The 2013 holiday season is right around the corner, which means it's time to crank out the yearly Christmastime traditions:drinking egg nog, eating egg nog ice cream, drinking egg nog with egg nog ice cream scoops, and of course watching the old holiday classics. While movies like It's a Wonderful Life are consistently praised for their touching revlations about humanity and the importance of love, several holiday classics have hidden personal finace lessons buried within them, lessons just as important as
#1: Grocery Shop More, Order Out Less, and When Applicable Use Coupons
John Hughes 1990 classic Home Alone is the improbable tale of an 8-year-old boy being forced to fend for himself over the holidays. While he first revels in the freedom, the harsh realities of trying to survive as a single, unemployed child rears its ugly head, forcing him to learn some harsh, albeit important, person al finance lessons.
After frittering away money on trivialities like pizza, Kevin learns that even in the holidays one must live within one’s means. In this scene, Kevin, as many boys who grow into men must do, rejects the easy yet expensive path of the childish bachelor and assumes the role of self-caretaker, dutifully buying staples while eschewing excessive extraneous purchases, remembering to utilize a coupon, and staying neatly within his predetermined $20 budget.
Of course, the one lesson little Kevin failed to heed was to bring your own reusable shopping bag to avoid extra bag fees. He pays for this transgression as his flimsy plastic bags split open, spilling his $19.83 worth of groceries all over the cold Chicago sidewalk. It is doubtful he will repeat the mistake in adulthood.
#2: The Buyer Must Initiate Negotiations
In A Christmas Story, the protagonist Ralphie marvels at the shrewd negotiating abilities of his father, even during the holidays. While purchasing a Christmas tree for the family at a discounted rate, Ralphie’s dad demonstrates the value of negotiating a seller down, even when purchasing a symbol of the season of giving.
Capitalism is engineered by the seller to silently suggest that all prices are final, when this is pretty much never the case. Ralphie’s father knows this truism, and ruthlessly (and smartly!) exploits it when buying the family Christmas tree. When quoted one price, Ralphie's father balks, openly talking of other options, like purchasing a cheaper, plastic varietal.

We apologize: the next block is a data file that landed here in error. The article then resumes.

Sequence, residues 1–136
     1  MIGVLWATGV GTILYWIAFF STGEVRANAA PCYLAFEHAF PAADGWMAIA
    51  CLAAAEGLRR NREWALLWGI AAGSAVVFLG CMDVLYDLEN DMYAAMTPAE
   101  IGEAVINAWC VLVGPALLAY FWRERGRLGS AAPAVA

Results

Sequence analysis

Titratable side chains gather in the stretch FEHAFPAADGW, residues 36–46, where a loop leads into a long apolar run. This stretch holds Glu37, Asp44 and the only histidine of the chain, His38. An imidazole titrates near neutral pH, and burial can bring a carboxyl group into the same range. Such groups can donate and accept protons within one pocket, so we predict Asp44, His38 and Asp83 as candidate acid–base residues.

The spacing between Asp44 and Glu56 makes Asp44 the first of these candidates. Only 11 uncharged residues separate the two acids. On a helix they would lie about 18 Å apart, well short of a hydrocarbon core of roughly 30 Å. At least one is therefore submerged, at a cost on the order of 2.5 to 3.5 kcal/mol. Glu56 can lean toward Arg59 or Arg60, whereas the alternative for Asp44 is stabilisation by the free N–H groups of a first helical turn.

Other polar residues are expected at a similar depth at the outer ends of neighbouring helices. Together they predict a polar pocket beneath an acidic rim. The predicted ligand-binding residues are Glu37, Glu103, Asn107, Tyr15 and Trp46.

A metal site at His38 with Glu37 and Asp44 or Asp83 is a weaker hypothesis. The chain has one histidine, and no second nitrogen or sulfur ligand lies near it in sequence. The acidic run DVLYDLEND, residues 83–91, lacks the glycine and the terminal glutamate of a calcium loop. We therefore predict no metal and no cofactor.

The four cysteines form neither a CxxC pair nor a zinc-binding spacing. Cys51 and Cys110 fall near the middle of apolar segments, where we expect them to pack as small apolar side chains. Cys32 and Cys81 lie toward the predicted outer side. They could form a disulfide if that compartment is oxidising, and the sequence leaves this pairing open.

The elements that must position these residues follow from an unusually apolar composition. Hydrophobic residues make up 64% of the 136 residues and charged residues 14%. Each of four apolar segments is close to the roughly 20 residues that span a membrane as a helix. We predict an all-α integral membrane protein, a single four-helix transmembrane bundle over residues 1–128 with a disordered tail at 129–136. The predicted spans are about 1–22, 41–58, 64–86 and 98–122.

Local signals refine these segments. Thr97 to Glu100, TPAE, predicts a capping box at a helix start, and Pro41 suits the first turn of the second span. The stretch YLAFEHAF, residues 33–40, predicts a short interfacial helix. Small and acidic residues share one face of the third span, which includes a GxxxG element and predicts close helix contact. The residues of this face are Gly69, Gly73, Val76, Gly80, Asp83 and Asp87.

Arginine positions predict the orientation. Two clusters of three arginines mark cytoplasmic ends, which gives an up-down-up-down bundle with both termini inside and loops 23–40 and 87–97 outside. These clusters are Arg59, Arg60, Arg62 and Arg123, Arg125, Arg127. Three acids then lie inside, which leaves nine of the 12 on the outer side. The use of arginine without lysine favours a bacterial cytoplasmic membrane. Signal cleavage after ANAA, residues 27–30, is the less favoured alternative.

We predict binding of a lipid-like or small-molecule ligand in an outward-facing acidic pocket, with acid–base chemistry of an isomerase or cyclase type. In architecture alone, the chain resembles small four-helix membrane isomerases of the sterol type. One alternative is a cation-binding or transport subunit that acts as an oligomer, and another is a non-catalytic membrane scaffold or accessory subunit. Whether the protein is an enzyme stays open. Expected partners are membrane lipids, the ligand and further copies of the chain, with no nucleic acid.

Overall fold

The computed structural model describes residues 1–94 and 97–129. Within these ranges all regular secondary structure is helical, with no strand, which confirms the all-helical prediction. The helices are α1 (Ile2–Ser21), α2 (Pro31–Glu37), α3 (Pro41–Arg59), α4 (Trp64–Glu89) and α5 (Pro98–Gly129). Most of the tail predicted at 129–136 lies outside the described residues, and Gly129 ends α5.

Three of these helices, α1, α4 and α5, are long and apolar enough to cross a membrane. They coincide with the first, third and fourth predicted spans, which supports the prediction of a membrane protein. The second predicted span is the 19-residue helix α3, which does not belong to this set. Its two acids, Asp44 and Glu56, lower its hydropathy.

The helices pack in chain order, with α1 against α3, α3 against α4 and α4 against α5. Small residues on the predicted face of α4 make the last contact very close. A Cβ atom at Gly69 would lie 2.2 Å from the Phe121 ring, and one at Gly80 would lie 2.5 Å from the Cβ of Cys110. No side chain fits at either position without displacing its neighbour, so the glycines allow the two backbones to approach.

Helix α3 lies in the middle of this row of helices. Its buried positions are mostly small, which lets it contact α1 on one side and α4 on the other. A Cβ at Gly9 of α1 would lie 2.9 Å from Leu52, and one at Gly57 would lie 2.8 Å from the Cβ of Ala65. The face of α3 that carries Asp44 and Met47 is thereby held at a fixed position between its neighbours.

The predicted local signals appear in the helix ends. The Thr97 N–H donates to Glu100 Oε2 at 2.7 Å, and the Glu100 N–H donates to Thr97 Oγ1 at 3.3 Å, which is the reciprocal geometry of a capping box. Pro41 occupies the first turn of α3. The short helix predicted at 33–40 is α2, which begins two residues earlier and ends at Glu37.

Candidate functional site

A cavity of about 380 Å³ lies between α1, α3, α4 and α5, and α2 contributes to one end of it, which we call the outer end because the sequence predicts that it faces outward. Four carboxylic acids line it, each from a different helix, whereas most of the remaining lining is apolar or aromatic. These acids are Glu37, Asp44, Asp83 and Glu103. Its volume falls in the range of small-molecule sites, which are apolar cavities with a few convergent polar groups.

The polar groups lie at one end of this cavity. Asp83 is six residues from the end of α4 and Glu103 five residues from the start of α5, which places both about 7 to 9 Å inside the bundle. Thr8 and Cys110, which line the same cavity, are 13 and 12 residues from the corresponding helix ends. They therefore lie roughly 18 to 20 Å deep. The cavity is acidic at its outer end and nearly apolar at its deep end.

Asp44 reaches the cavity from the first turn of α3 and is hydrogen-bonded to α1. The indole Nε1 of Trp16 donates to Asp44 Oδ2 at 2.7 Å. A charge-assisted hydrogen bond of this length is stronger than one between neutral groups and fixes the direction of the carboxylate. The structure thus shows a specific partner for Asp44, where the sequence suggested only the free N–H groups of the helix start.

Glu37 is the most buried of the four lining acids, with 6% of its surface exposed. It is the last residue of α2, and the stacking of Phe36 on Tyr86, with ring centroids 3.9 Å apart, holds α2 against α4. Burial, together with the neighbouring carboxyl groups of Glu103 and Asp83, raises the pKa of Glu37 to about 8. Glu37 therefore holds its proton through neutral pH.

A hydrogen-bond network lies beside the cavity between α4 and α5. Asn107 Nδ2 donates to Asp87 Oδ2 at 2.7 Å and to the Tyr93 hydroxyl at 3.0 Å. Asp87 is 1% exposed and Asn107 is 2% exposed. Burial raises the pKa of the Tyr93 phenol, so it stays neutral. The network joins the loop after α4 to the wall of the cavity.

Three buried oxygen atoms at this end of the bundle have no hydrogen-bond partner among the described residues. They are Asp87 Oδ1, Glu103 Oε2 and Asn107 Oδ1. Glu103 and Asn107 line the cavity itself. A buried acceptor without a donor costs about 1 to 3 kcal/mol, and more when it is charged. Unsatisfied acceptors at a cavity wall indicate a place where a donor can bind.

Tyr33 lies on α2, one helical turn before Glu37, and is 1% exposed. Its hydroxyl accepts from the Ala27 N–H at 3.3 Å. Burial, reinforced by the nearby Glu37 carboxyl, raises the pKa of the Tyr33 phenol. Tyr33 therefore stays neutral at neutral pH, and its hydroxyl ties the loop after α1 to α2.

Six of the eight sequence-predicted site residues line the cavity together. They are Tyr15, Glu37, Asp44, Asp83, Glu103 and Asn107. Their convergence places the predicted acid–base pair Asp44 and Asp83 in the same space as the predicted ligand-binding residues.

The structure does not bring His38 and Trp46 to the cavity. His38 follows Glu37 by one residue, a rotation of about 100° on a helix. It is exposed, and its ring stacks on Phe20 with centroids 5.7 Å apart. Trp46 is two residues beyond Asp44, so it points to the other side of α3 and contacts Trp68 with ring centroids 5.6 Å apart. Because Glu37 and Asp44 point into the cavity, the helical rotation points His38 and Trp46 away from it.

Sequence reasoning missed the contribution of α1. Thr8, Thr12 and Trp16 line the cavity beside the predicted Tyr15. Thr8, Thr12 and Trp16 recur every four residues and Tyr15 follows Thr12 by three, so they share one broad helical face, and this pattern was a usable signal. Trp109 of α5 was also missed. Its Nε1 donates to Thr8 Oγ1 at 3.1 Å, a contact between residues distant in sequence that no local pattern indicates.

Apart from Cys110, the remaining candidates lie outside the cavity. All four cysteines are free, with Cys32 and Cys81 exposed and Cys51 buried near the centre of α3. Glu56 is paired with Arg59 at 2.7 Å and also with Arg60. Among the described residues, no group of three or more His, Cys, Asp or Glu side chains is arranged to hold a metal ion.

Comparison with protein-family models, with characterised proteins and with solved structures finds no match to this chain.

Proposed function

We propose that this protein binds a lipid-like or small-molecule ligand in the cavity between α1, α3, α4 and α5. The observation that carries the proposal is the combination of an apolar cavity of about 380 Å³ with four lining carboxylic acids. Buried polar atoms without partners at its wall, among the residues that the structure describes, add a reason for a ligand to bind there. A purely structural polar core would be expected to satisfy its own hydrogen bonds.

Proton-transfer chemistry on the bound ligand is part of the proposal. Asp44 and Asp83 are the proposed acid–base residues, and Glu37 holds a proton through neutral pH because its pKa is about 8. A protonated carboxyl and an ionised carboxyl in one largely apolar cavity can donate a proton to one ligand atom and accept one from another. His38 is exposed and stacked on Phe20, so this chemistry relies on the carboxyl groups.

Ralphie’s father executes perhaps the finest move in any negotiation: making clear the willingness to walk away from the deal and leave the seller choking on his own wares. By taking this shrewd position, in addition to getting the tree he nets himself free labor and rope he otherwise would not have received, all because he took the first step in negotiation: questioning the price and voicing other options.
Another fine example in A Christmas Story is the admonition not to "shoot (one)’s eye out," as ocular damage can seriously negatively affect one’s future earnings potential.
#3: Eschew the Excessive Pursuit of Holiday Presents
In Bad Santa antihero Willy is shown time and time again to be an untrustworthy wastrel, who steals, robs, and denigrates and denigrates everyone around him. And he is simply terrible at personal finance management. He fritters away his first ill begotten windfall (acquired via burglary) on alcohol, and looks primed to do so again, before realizing that there will “never be enough” to satisfy one who just takes and spends.
In the next-to-last final scene in the film (which is, it should be noted is very NSFW), in traditional Christmas fashion Willy realizes that in the face of death all material possessions are fleeting, and one can never acquire enough possessions to be happy. He runs off to return a gift to his surrogate son and, after collapsing at the door, appears to die. However, we learn in a voice over in the last scene that he collected a hefty personal injury compensation - but instead of money he will no doubt waste on the devil's drink, Willy negotiates a settlement in the form of a job from the police, a smart move indeed.
Three cheers for smart personal finance, Willy!
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